During a recent episode of the show Parks & Recreation, one of the characters was faced with a situation where she needed to discuss a performance issue with her employee. She went to great lengths to avoid having this hard conversation, including submitting customer feedback to a social media website, hoping the employee would read the review and fix her behavior on her own. While this was very funny and entertaining to watch, the reality is that managers avoid hard conversations quite regularly in the workplace resulting in lower employee performance and morale and ultimately adversely affecting the company’s brand or product delivery. While there are a lot of reasons why people sidestep hard conversations, utilizing the following practices can make these discussions easier.
The SAR Model
Removing emotion and subjectivity from hard conversations can go a long way in terms of reducing the stress and discomfort that comes with having them. The Situation/Action/Result model can be used to provide feedback while reducing or eliminating these challenges. It helps managers objectify performance by siting a specific situation tied to a job expectation, and identifying how the employee reacted to the situation through his/her actions and/or decision making, ultimately affecting the result.
When you’re preparing to have a hard conversation with an employee, start by identifying a recent situation that illustrates the performance gap you want to discuss. This may be an interaction with a customer or coworker or perhaps a project deliverable. Consider the details of the situation and how you can convey them objectively to your employee.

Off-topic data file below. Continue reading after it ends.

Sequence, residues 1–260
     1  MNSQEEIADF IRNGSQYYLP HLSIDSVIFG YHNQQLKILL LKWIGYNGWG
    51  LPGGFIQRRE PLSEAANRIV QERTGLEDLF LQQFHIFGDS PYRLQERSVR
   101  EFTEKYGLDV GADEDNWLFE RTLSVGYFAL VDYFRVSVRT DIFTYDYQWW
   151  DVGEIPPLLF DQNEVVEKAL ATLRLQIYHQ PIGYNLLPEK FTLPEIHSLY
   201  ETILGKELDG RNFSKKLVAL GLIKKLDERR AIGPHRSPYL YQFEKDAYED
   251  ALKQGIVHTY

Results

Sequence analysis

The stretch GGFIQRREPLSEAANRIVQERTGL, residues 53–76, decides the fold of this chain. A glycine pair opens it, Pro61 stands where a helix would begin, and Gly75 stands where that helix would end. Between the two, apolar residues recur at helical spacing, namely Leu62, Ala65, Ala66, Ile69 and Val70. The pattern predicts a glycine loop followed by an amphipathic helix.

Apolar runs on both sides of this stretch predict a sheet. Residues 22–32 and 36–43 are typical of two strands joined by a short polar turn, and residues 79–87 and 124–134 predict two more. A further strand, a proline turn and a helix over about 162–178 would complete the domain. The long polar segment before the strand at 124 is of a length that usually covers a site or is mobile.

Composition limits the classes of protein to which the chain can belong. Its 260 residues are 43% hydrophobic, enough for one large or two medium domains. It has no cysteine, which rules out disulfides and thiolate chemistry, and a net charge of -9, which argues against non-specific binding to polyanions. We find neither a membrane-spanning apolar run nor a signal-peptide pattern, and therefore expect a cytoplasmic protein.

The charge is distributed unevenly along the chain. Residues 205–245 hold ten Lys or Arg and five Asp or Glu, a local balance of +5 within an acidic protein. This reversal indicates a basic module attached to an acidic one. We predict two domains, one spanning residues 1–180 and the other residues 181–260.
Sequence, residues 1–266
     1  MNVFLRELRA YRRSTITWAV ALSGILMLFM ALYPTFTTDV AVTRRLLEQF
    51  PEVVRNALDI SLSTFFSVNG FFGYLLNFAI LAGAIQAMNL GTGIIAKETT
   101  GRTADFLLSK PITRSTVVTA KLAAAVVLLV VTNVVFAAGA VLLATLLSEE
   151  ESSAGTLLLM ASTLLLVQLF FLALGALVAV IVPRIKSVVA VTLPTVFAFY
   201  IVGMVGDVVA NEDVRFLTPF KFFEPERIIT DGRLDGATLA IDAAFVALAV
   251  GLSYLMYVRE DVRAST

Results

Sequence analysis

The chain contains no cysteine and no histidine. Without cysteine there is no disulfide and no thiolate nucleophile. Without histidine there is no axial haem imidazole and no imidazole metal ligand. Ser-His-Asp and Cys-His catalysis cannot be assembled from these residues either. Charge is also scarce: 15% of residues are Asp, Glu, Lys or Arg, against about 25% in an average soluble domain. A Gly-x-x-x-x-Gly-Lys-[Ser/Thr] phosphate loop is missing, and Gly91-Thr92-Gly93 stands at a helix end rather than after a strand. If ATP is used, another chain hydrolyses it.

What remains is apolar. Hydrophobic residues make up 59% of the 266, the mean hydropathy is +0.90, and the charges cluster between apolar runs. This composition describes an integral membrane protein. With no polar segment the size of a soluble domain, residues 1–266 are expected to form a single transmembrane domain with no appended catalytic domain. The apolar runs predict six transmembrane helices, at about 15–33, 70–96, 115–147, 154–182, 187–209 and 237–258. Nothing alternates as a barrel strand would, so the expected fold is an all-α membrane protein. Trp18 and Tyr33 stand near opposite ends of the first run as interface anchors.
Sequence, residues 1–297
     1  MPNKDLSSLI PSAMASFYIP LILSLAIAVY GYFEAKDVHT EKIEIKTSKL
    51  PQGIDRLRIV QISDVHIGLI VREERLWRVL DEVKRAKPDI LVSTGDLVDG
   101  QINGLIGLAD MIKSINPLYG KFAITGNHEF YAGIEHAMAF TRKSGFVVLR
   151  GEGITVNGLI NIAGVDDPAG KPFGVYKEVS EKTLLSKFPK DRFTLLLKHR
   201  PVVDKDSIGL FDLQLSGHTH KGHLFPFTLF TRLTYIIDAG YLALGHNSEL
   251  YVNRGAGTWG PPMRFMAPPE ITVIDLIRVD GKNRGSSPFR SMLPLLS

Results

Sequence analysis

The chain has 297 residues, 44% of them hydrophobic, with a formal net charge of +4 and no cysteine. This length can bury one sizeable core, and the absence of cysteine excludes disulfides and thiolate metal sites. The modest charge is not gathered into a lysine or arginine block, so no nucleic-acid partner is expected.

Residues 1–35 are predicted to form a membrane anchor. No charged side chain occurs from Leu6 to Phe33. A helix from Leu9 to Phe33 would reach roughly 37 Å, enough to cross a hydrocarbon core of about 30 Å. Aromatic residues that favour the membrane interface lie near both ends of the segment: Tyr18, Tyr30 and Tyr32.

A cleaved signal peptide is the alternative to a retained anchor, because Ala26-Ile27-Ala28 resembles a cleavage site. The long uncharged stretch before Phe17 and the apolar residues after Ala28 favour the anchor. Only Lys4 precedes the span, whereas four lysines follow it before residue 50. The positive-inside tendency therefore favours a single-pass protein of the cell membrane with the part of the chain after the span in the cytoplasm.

What were the choices that your employee made in the situation you’ve identified above that led to the issues and performance feedback you plan to share? When pinpointing these, focus on the actions and decisions your employee made and not on him or her as an individual. This will help you avoid those subjective and emotional triggers. There is a very big difference between explaining to an employee that he raised his voice, pointed his finger at a customer, etc. versus saying you were rude, angry, and so on.
The final component of the feedback is to describe the outcome that occurred because of the employee’s decisions and supporting actions. Drawing a clear connection between the two is helpful in terms of avoiding defensiveness and gaining buy in from your employee. During this part of the conversation, be sure to state your expectations for the future and gain commitment from your employee.
Are you interested in more information about hard conversations? uDrive subscribers have access to tools and templates that can help. These can be found in the Resources for the Parking Manager and Organizational Performance sections of the site.